Management and Organisation Behaviour

Division of labour was widely applied in practical; productivity in manufactories was increased dramatically. It also turned individual working into coordinating work, which is more efficient and effective in manufacturer massive production. In 1910s, F. W. Taylor enhanced Adam’s division of labour in Shop Management, but he also introduced a new theory- division of management. Taylor created the Functional Foreman and with it a rdivision of management- a planner, a inspector, a gang boss, a speed boss, a repair boss, a time clerk, a route clerk, a disciplinarian.

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Division of management restricted the control of time and motion and therefore productivity. In Taylor experiment on mining factory, the productivity was increased by 200%. However, lack of humanist is always the downside of scientific management. High rate of labour turnover sometimes became a constant factor lag the productivity behind; so scientific theory is not a long-term solution for a company who is willing to expand. Human relation school was established at mid 1920s, sociological factor was first brought in management, and more attention was introduced to social dimension of work.

The most significant achievement is Elton Mayo’s Hawthorn effect: “It was the third stage of the investigation, which was to observe a group performing a task in nature setting… The result confirmed the importance of informal social groupings in determining levels of output… and it led to a full realisation and understanding of the informal group as an outlet for aspirations of the worker… ” —- Writers on Organizations, Pugh . D . S & Hickson, D. J. , 152-155

The group dynamic was then recognised as having positive effects upon productivity, and therefore the form of work organisation began to change from individual working to team working. As the size of organisations grows, diseconomies of scale i. e. problem of coordination and communication often occur. Thus the way of organising the work became more and more complicated. There are two forms of dividing work: horizontally and vertically. Horizontal dividing is described as “management divides work into smaller task, with people or departments specialising on one or more of these.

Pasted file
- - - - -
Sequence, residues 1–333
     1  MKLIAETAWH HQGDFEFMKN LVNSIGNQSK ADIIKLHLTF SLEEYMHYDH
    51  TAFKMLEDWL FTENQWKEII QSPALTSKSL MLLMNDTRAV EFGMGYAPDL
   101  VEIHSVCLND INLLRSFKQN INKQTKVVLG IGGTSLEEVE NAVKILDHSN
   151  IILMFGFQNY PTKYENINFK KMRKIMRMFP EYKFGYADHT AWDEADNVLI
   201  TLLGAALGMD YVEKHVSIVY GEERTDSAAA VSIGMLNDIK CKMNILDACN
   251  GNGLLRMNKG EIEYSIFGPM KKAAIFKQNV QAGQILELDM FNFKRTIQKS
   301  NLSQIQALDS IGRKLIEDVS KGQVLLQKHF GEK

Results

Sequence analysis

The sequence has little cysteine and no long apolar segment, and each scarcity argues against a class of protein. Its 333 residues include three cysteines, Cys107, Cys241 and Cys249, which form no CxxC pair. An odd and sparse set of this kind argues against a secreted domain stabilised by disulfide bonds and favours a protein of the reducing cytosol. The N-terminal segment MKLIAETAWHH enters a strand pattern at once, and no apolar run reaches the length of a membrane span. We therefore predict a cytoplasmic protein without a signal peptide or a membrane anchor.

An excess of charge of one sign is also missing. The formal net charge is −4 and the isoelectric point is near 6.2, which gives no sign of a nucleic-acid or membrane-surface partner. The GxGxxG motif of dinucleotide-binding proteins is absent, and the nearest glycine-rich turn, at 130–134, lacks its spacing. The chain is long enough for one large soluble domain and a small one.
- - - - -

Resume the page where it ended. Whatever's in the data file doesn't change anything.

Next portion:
” in Management an Introduction. “Horizontal specialisation” is a modern approach of division of labour, but rather than working individually, the tasks are set to different departments i. e. large groups. The significant advantage is time saving, the same amount of task but using less time to finish it. Vertical dividing is the cause of hierarchical structure within an organisation, and it is also a continuity of horizontal dividing. When the tasks are divided to different department, the managers of each department are responsible for the aspect of work.

However, they are the brain of the work, the main job of manager is to plan the overall direction of the department and monitor the operation processes. The supervisors who are in span of the control of each manager are responsible of achieving the work, which is the ‘hand’. Modern approach of vertical form of organising the work is to delegate the task directly to shop floor employees without passing thought mid class managers or supervisors. All in all, there are no fixed definitions for management and work organisation, because they vary from time to time.

One other reason why we cannot judge the most appropriate convention of those two terms, it is because the need of organisations are not the same they might be similar but they will somehow have their unique characteristics, therefore to performance the best, the way of managing and organising the work adopt by business will definitely be differed from other. With the change in technology and life style, new rules or structure of management or work organisation might emerge and thus modified its original definition.

Hence, management and work organisation cannot be defined particularly. Appendix 1. Mullins, L. J. (1987), Management and Organisation Behaviour, The bath Press, Avon 2. Pugh, D. S. & Hickson, D. J. (1989), Writers on Organisation, England 3. Cole, G. A. (1993), Management Theory and Practice, Guernsey, Channel Islands 4. Boddy, D. & Paton, R. (1998), Management An Introduction, Gosport, Hampshire 5. Shafritz, J. & Steve nott, . J (1991), Classics of Organization Theory, Belmont, California